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Physiological Differences Between Males and Females Term Paper

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Updated: Mar 26th, 2022

There are a number of physiological differences between the female young/middle-aged population and the male young/middle-aged population. Although the males have bigger muscles than the females, the latter have better blood flow during exercise, and use one hundred percent of the fibers in their muscles as compared to the former who use only eighty percent. In terms of energy metabolism, females generally utilize more percentage of fat as compared to males during exercise. This difference is because the estrogen hormone improves the mobilization of fat from fat reserves such that it is easily available for use during exercise.

Since males in general have a bigger and stronger heart, lungs, and more blood volume than females, they have a stronger cardiovascular and respiratory systems with increased capability of pumping blood faster and effectively. The males have a higher oxygen transport capacity and superior energy consumption capacity for fueling the skeletal muscles during exercise; thus, these attributes create in males an increased ability of consuming and processing oxygen, referred to as VO2max (Wilmore, Costill, & Kenney, 2008, p.155). The VO2max is important in determining the level of endurance of someone during sustained physical activity. As a result, since males have a capacity that is about ten percent greater than the females, they do not get tired faster as their counterparts.

It is important to note that female young/middle-aged population and the male young/middle-aged population have identical muscle tissues. And, they tend to adapt in the same way to resistance physical training. Even though the women generally have fewer muscles, their muscles respond to progressive resistance training similarly. The majority of both males and females adapt to sustained physical activity by building tougher and slightly bigger muscles in the same way. When one is engaged in either aerobic or anaerobic training, several physiological adaptations are usually witnessed. However, males and females vary in their response to aerobic and anaerobic physical activity.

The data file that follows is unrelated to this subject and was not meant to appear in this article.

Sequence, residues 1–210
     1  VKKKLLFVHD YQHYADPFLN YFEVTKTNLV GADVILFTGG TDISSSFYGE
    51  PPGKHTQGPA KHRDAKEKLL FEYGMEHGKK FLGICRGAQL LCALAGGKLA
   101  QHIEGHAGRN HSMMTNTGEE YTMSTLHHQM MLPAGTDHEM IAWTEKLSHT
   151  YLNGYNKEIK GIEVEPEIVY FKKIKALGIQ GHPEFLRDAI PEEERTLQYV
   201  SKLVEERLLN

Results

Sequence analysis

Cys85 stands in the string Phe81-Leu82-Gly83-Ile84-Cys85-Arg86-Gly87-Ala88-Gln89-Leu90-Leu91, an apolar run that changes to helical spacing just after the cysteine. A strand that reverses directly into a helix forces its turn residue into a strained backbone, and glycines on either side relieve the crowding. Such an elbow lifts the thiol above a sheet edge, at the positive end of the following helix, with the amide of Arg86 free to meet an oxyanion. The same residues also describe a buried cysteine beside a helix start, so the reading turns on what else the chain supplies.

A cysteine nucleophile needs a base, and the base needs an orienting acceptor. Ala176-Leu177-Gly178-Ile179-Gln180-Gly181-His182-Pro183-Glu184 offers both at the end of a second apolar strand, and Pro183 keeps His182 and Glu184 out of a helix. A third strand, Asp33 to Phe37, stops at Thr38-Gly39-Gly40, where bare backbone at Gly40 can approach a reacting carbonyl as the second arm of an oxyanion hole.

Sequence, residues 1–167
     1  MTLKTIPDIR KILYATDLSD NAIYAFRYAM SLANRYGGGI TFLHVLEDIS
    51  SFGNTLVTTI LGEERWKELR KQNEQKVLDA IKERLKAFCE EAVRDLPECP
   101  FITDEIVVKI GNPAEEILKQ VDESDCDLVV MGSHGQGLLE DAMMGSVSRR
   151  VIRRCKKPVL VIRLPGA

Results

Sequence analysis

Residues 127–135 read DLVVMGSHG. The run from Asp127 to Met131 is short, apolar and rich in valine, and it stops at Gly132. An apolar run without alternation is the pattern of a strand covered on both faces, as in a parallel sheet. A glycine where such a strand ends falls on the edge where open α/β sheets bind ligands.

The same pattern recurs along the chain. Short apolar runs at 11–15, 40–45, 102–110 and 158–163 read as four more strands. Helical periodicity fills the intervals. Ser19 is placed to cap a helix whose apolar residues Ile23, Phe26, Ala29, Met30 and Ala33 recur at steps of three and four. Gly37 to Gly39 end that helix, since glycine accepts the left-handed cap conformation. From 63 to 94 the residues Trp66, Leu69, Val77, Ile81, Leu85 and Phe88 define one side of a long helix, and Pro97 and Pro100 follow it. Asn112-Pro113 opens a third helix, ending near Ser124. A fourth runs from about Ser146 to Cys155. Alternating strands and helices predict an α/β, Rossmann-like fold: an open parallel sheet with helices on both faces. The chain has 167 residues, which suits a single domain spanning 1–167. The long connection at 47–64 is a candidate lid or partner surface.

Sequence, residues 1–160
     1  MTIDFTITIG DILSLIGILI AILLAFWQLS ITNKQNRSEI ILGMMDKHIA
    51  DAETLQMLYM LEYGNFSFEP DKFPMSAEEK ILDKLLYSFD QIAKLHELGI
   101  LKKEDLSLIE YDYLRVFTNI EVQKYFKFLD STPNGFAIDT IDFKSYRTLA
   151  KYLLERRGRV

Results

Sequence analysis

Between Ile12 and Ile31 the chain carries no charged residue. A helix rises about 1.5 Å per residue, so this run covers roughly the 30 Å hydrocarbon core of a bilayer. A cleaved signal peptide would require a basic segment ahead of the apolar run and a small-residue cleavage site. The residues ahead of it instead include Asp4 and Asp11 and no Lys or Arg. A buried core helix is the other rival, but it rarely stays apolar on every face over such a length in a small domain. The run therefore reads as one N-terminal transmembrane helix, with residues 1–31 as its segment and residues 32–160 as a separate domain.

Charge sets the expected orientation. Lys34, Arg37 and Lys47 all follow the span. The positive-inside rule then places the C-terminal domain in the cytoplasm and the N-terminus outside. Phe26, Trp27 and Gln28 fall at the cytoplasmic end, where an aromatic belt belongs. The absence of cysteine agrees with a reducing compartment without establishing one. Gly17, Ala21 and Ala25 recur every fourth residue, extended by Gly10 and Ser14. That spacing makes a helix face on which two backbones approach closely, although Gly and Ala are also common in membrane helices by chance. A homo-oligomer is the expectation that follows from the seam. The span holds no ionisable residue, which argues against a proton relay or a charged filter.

Because of the differences in VO2max, men generally adapt faster to training under such conditions and they exhibit the physiological changes must faster than their counterparts (Wilmore, Costill, & Kenney, 2008, p.429). When exercising in the heat and cold, males and females regulate their body temperatures differently. In general, because females are better in conserving heat than males, in extreme environmental conditions they dissipate heat much slower. Females posses a much more evenly distributed fat layer than men for conserving heat in their bodies.

Investigations have revealed that maximal responses during training at altitudes are not significantly different between male and females. Nonetheless, after acclimatization, it has been observed that males tend to use more energy as an exercise fuel while females tend to oxidize less energy compared to utilization at sea level. In terms of training for sport, there is no much difference between men and women as both adapt at an almost equal rate. Although it has been noted that there is drastic difference in terms of nutritional considerations for male and females, it has been observed that females are unable to super-compensate (i.e., “carbo load”) muscle glycogen and that their menstrual states may affect glycogen storage.

For the target population, exercise is important in preventing various diseases such as diabetes and cancer, controlling weight, maintaining healthy bones, muscles, and joints, promoting psychological well-being, and reducing feelings of depression and anxiety (Wilmore, Costill, & Kenney, 2008, p.204).

Reference List

Wilmore, J. H., Costill, D. L., & Kenney, L. W. (2008). Physiology of sport and exercise. Champaign: Human Kinetics.

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